Two early snowfalls and colder than normal temperatures should serve as a reminder that winter storms could be on their way this season, the governor said.
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Keep alternative heating sources ready. If you have a fireplace, store a good supply of dry, seasoned wood. Keep fire extinguishers on hand, and make sure your family knows how to use them.
Properly vent kerosene heaters, and keep any generators outside and away from open windows or doors to prevent carbon-monoxide poisoning. Do not burn charcoal indoors. Charcoal fumes indoors can cause carbon-monoxide poisoning.
Keep fresh batteries on hand to use in flashlights and weather radios.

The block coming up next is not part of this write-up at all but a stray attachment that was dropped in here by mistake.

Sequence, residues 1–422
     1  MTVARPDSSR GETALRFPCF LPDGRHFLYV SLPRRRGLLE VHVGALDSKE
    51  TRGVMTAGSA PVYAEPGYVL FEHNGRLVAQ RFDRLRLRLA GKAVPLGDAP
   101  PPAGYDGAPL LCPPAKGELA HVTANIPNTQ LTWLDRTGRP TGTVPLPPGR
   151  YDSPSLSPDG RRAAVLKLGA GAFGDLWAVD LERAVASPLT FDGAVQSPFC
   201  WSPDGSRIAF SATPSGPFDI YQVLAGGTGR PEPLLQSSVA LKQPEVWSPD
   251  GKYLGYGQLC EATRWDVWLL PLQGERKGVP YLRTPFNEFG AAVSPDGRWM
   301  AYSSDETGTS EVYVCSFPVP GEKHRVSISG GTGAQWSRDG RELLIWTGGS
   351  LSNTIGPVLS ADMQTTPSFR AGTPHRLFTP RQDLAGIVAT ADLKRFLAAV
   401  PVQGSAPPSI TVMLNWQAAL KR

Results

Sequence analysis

Always keep at least a three-day supply of water and nonperishable food in your home.
Wear multiple layers of thin clothing, instead of a single layer of thick clothing to stay warm. You will be warmer, and as the temperature changes, you can easily remove layers to remain comfortable.
If you must travel during a winter storm, store an emergency kit in your vehicle containing: blankets, a battery-powered radio with extra batteries, a first aid kit, a flashlight with extra batteries, battery booster cables and flares, a tire repair kit and pump, a road map, a bag of cat litter (for tire traction), a tow rope, a windshield scraper and brush, extra clothing, bottled water and nonperishable, high-energy foods such as granola bars.
If you must drive on snow- or ice-covered roadways, lower your speed. Driving at the regular speed limit will reduce your ability to control the car if you begin to slide. Leave plenty of room between you and other vehicles.
If conditions worsen and you can no longer drive safely, pull off the highway. Stay calm, and remain in your vehicle. Do not set out on foot unless you can see a nearby building where you know you can take shelter.
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